In the UK, the majority of people spend over 90% of their time indoors, in enclosed built environment. Based on reports of indoor air quality surveys of homes in the UK, the concentrations of indoor pollutants such as volatile organic compounds (VOCs), formaldehyde, carbon monoxide and nitrogen dioxides are several times higher indoors than outdoors. The total exposure of people to the indoor air pollutants is a concern and should be an important environmental issue for building occupants.(bre.co.uk)
In the UK Asthma affects one in every ten children, and one in every twelve adults. Around 42% of sufferers say traffic fumes stop them walking in congested areas. (asthma.org.uk)
People can suffer a variety of adverse health effects, including headache, nauseas, respiratory problems, irritation of the eyes and sick building syndrome (SBS) due to the release of volatile chemicals in the air from building materials and services. SBS can also be caused by other environmental factors.
Building furnishing and finishing products such as varnishes and paints can release Volatile Organic Compounds (VOCs) which are known to cause respiratory illness.
Formaldehyde has a particular health concern for people. The concentrations in new homes built after 1990s can be more than three times the concentrations of homes built before 1940s. The use of wood-based panels for building and furniture, and urea-formaldehyde cavity wall insulation are the major contributory factors for formaldehyde emissions in homes.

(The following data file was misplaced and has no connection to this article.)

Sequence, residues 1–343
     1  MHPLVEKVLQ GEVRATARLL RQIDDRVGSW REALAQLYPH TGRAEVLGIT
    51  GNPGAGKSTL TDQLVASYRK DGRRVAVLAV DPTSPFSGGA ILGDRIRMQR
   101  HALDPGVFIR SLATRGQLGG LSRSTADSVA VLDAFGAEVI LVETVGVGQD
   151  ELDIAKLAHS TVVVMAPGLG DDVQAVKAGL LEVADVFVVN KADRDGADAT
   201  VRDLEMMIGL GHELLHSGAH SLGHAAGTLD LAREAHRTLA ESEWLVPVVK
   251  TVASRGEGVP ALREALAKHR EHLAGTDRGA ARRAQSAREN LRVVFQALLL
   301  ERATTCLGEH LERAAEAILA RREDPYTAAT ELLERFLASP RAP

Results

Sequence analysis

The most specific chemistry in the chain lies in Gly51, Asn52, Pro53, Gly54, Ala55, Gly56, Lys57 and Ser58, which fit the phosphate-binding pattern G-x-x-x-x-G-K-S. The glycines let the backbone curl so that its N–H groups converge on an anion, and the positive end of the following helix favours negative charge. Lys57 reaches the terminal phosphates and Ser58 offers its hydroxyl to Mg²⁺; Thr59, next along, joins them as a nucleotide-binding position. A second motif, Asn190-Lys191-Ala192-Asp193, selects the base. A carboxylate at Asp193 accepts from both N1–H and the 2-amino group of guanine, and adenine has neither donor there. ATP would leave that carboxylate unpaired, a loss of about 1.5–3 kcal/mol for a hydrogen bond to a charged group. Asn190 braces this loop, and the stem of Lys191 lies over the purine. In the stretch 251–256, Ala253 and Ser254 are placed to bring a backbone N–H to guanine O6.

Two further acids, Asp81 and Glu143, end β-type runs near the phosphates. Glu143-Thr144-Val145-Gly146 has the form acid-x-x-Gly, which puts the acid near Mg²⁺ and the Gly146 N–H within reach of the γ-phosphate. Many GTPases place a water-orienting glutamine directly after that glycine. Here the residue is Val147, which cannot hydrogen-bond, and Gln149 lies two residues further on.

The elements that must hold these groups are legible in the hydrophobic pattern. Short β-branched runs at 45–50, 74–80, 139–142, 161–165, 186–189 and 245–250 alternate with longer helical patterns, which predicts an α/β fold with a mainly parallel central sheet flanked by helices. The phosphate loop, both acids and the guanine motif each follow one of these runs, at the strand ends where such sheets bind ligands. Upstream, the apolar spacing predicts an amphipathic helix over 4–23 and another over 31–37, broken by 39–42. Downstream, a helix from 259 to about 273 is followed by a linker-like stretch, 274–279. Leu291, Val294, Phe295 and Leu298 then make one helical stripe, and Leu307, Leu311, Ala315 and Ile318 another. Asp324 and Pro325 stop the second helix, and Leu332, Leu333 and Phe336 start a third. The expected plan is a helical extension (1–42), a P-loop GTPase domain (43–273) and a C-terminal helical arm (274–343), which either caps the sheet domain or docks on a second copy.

The World Health Organisation estimates that 30% of buildings worldwide may be the subject of excessive complaints related to air quality. (www.epa.gov/iaq/pubs/sbs.html)
An estimated 5.5 million UK buildings contain asbestos.
Houseplants, including spider plants, areca palm, english ivy, gerbera daisy, peace lilies and rubber plants, can substantially reduce internal air pollution.
Typically VOCs can be more than 10 times higher indoors than outdoors.
The Air Quality Strategy for England, Scotland, Wales and Northern Ireland (2007) sets out standards and objectives for eight main air pollutants to protect health. If objectives are unlikely to be achieved, the local authority must declare an Air Quality Management Area (AQMA).
There are currently 25 AQMA in Hertfordshire, spread across 6 of the 10 districts. Many relate to the fumes emitted by vehicles on the M25 and M1. Others are in urban centres and along secondary routes. Details on each can be found at: http://aqma.defra.gov.uk/
The National Institute for Occupational Safety and Health (NIOSH) reports that complaints in the workplace have increased 500% since 1990.(www.iapuk.com)
In 2007 there were 151 pollution incidents that had a serious impact on air quality. The waste industry caused two-thirds of these incidents.